Accordingly, Goldberg writes, progressives in America, most notably the intelligentsia at Columbia University, were as fascinated with Mussolini as were Sigmund Freud and Albert Einstein. The liberal playwright George Bernard Shaw attested to the glories of the Stalinist state, and H.G. Wells, science fiction writer and socialist, urged liberals to embrace “liberal fascism” in the name of freedom. But why? Goldberg writes, “The answer resides in the fact that Fascism was born of a ‘fascist moment’ in western civilization, when a coalition of intellectuals going by various labels—progressive, communist, socialist and so forth—believed the era of liberal democracy was drawing to a close. It was time for man to lay aside the anachronisms of natural law, traditional religion, constitutional liberty, capitalism and the like and rise to the responsibility of remaking the world in his own image. God was long dead, and it was long overdue for men take his place.”

Goldberg makes a point. Walter Duranty, winner of the Pulitzer Prize, and liberal star of the New York Times, sought with all his might to convince the world of Stalin’s sainthood. He wrote outright falsehoods calculated to suppress the truth of Stalin’s intentional starvation of six million Russian Kulaks. The liberal Walter Duranty was not alone.

James Glazov in his book, United in Hate[3], carefully documents a strange liberal affection for fascist regimes that hate America. It is a fact that, “Throughout the twentieth century, the Western Left supported one totalitarian killing machine after another. Prominent intellectuals from George Bernard Shaw to Bertolt Brecht to Susan Sontag venerated mass murderers such as Lenin, Stalin, Mao, Castro, and Ho Chi Minh, habitually excusing their atrocities while blaming America, and even the victims, for the crimes.”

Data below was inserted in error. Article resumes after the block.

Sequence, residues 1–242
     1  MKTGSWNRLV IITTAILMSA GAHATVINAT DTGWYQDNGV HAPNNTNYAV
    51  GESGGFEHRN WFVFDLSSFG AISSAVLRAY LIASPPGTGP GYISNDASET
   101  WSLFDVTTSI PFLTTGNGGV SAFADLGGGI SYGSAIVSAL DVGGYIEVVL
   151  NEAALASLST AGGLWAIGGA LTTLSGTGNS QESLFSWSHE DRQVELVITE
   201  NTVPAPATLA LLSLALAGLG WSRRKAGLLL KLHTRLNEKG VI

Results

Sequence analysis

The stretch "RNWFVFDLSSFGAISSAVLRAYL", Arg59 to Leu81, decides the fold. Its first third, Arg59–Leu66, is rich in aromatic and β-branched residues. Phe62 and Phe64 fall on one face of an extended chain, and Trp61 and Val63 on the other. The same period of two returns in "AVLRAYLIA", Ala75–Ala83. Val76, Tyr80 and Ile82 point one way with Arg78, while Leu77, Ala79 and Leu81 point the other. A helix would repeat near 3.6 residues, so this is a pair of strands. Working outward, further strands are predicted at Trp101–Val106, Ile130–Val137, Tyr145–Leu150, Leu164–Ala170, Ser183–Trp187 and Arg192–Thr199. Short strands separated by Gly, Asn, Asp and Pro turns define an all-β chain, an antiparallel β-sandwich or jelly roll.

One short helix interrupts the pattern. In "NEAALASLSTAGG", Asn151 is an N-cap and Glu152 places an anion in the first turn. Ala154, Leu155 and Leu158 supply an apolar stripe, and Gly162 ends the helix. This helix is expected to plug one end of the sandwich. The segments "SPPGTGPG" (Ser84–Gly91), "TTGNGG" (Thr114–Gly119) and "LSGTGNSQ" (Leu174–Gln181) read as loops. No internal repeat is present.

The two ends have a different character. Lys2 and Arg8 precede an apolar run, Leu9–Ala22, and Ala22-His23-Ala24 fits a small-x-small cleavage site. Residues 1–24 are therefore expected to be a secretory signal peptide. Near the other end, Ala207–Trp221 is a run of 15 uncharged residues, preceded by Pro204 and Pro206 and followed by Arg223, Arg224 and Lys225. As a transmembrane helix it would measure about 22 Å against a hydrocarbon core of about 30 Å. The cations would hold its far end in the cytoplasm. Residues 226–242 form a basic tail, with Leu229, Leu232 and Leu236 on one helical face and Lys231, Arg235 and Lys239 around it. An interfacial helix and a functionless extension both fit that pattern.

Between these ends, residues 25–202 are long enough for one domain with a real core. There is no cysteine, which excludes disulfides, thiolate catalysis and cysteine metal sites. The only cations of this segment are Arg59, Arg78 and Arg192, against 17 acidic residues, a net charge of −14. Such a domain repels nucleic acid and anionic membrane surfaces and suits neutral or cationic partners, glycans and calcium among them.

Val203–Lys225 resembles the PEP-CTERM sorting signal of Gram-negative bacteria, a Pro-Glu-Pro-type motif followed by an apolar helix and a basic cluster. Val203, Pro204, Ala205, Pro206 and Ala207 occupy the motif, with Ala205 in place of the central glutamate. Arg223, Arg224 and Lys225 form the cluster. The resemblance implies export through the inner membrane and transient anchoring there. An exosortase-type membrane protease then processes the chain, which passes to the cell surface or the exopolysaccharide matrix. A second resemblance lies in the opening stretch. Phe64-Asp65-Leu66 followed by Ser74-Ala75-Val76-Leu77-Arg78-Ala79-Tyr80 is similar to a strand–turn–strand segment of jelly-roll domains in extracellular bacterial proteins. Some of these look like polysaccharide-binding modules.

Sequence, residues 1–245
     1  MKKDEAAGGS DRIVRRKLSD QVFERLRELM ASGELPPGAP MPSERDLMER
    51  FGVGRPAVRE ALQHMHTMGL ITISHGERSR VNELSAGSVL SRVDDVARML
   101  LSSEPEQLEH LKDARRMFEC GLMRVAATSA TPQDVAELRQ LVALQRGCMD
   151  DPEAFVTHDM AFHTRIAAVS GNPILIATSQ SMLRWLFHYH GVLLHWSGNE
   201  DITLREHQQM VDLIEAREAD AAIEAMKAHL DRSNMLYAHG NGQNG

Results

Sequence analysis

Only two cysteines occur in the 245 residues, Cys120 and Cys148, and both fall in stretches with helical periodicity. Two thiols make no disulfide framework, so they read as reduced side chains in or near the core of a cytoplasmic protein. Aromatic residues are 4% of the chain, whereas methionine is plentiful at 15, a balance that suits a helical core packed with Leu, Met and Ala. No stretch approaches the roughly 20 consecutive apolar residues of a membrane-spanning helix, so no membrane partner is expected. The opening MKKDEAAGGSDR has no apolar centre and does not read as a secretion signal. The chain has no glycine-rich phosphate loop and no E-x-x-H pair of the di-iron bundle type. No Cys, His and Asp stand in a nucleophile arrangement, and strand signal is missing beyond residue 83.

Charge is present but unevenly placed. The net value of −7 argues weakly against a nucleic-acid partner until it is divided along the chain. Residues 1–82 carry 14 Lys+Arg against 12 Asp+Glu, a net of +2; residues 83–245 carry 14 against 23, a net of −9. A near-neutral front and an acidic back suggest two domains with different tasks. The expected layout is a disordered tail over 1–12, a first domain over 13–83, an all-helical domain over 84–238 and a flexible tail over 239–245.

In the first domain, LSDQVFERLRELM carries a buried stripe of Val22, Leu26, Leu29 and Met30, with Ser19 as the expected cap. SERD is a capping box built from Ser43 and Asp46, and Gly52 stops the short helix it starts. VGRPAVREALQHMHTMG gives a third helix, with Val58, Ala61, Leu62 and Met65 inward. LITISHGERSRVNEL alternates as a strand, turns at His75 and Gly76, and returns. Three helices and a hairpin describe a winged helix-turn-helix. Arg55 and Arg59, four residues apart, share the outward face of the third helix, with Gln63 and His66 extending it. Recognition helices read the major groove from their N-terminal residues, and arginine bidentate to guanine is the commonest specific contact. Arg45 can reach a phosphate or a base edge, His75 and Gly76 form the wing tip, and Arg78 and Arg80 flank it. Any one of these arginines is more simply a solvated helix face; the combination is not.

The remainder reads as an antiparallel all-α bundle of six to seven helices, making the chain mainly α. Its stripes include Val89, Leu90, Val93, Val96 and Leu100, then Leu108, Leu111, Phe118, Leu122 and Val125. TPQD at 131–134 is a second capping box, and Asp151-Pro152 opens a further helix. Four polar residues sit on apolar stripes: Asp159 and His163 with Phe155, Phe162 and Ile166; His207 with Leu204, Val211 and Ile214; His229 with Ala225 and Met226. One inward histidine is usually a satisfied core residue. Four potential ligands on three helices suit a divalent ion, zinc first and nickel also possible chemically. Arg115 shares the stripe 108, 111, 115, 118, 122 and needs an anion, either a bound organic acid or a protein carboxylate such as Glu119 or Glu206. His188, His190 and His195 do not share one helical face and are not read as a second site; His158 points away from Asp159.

Leftist Liberals of the age were a bit put off by the 1943 discovery of the Katyn Forest Massacre. In 1940 the Soviet NKVD murdered, execution style— by a bullet to the back of the head— thousands of Polish prisoners, military officers, policemen, and intellectuals. They were buried several bodies to the grave in the Katyn Forest. Liberals nevertheless rallied and were there to applaud Stalin’s burgeoning Soviet Socialist State. Later, they would cheer the cold-blooded murderer Fidel Castro and the wonders of his stylish, island prison. And of those with the grit to have listened to the pouting mouth of Sean Penn there is not a one can doubt his near worship of dear Fidel. Indeed, even members of the American Congress speak in loving prose to the virtue of the aging Cuban killer.

Jane Fonda, in one of many expressions of love, for another American enemy, the communist state of Ho Chi Minh, posed giddily for pictures with a gun crew that when not available for photo ops were busy shooting American pilots from the sky—or torturing American soldiers. One might think that dear Jane would meditate upon the deaths of the South Vietnamese taken and “reeducated” after the fall— or the Boat People who took their chances with pirates on the open sea rather than face the Utopia Ho Chi Minh had in mind for them—or for the millions of Cambodians slaughtered in the Killing Fields of the communist Khmer Rouge.

It does not stop. Liberals gave moral and material support to the Marxist killer Noriega whose Sandinistas executed, tortured and imprisoned, thousands of their own people. And lately, Danny Glover and again, Sean Penn can’t seem to fawn enough over the anti-American Marxist Chavez as together in morbid harmonies they slander the country and the people that made them rich.

Where then are the constitutional liberals? They are well and good, and rare. But search them out; for in the classical liberal lies the hopes of an American people.

[1] The Last Founding Father, James Monroe and a Nation’s Call to Greatness Harlow Giles Unger (DA CAPO PRESS, 2009).

[2] Jonah Goldberg, Liberal Fascism. The Secret History of the American Left from Mussolini to the Politics of Meaning. (Double Day, 2007)

[3] Jamie Glazov United in Hate, (WND Books, 2009).